Managing ibuprofen use

Safety tips for taking over-the-counter pain relievers

Maybe you don't need a doctor’s prescription to buy the pain reliever you typically use. But that doesn’t mean over-the-counter remedies aren’t without their own risks.

Non-steroidal anti-inflammatory drugs (NSAIDs) — like ibuprofen — are one example of pain relievers with potential problems. Taking too much of these medications can be harmful.

What are the risks?

NSAIDs such as ibuprofen, naproxen and aspirin generally carry a low risk of side effects when used to treat occasional pain or fever, says the U.S. Food and Drug Administration (FDA). But if you use NSAIDs often, 2 of the most serious potential risks are:

1. Stomach problems. If you regularly take an NSAID, it may contribute to or worsen ulcers and bleeding in your digestive tract. This risk may be greater if you:

  • Are 65 or older.
  • Have had stomach ulcers.
  • Take blood thinners or steroid medicines.
  • Drink alcohol.

2. Heart attacks and strokes. NSAIDs — with the exception of aspirin — can increase the chances of having a heart attack or a stroke, according to FDA. That’s especially true if you already have heart problems.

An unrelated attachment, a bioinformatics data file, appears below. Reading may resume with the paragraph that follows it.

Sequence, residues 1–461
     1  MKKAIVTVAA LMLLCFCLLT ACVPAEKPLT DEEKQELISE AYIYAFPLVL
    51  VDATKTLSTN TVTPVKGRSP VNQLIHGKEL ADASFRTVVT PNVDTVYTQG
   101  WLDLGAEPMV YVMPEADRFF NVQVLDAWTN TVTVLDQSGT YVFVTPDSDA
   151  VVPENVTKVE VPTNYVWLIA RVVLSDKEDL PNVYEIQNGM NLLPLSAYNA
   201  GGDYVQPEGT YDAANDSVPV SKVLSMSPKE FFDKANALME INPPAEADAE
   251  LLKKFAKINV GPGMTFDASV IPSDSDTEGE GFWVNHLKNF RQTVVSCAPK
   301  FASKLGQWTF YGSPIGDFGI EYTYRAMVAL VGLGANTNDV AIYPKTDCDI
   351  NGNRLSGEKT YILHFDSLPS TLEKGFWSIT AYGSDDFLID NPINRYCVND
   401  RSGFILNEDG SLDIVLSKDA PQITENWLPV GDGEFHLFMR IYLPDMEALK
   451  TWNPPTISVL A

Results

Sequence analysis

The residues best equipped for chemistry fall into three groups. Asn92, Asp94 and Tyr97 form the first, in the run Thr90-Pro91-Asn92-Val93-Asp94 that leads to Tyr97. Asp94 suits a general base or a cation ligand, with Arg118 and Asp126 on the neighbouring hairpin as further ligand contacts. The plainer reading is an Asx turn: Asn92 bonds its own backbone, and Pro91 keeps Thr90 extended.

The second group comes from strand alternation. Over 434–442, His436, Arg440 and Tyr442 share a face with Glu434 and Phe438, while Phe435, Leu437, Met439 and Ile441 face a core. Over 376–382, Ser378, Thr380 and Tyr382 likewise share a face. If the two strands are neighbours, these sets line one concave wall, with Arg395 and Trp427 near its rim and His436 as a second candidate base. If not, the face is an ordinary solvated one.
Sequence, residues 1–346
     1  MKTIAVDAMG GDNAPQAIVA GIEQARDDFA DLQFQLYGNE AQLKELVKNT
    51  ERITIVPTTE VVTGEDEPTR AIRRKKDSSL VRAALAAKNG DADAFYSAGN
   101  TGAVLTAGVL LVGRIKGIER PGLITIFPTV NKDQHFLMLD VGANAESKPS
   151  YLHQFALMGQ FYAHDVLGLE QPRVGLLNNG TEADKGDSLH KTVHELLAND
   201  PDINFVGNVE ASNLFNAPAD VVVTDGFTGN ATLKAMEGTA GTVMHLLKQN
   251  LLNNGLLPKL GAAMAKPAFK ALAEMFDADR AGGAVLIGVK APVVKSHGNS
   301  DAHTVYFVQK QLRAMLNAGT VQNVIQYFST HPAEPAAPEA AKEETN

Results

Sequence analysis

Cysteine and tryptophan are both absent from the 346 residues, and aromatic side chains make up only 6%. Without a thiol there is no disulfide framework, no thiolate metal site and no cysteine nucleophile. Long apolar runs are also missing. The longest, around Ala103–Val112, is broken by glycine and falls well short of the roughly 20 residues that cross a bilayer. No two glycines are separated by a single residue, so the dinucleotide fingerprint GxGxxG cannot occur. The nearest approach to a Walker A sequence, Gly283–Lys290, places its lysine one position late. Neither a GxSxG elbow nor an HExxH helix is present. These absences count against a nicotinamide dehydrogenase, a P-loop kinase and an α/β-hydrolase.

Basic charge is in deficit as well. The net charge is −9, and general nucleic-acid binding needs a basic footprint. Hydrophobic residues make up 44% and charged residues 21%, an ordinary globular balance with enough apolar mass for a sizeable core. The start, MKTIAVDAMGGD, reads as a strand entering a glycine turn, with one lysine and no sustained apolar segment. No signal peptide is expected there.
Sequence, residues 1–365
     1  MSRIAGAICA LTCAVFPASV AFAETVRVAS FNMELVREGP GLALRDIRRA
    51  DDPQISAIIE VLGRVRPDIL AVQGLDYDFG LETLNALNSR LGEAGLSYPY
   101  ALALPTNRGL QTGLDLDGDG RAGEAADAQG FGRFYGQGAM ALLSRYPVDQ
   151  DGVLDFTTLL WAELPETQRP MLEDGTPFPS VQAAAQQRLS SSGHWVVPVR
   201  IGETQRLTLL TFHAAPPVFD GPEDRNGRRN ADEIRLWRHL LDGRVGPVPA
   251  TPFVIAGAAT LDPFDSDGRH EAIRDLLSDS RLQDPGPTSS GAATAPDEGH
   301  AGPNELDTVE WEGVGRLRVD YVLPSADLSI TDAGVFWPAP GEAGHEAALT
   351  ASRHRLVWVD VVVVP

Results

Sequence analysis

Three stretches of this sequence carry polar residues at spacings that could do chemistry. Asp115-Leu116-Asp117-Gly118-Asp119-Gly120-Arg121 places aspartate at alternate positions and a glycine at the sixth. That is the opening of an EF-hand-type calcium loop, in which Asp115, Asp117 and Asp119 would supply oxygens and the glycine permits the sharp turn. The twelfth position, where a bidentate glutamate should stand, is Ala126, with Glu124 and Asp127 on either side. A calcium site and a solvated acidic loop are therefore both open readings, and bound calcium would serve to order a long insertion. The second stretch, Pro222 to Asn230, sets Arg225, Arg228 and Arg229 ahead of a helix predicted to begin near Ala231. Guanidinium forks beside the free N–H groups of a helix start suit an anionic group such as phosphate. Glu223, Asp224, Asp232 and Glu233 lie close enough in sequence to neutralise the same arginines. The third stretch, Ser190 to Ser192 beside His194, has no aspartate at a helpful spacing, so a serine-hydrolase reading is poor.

Also, your risk of heart attack or stroke may continue to grow the longer you take a non-aspirin NSAID and the higher the dose.

What about acetaminophen?

It doesn’t have the same side effects as NSAIDs — but it comes with its own risks. For example, taking too much may cause liver damage. Talk with your doctor about what’s right for you.

The bottom line: use with care

Here are more wise tips about safer use of over-the-counter pain relievers:

Ask your doctor or pharmacist if you have questions about pain medicines.

Read the label to learn how much to take and how often. Never take more than the recommended dose — unless directed by your doctor.

Follow the directions carefully.

Check with your doctor before taking a pain reliever for more than 10 days. Call your doctor if your symptoms get worse.

Warning! Doubling up can be dangerous. Maybe you’re taking a prescription or over-the-counter medicine — for a cough or a cold, for instance. Check to see if those medicines also contain a pain reliever, such as acetaminophen or ibuprofen. That’s one way people accidentally get too much.

What to do next

Schedule your next wellness visit! This can be a good time to ask any questions you have about safer medicine use. You can also create a checklist of preventive care items to discuss with your doctor.


American Academy of Family Physicians; American Society of Health-System Pharmacists; U.S. Food and Drug Administration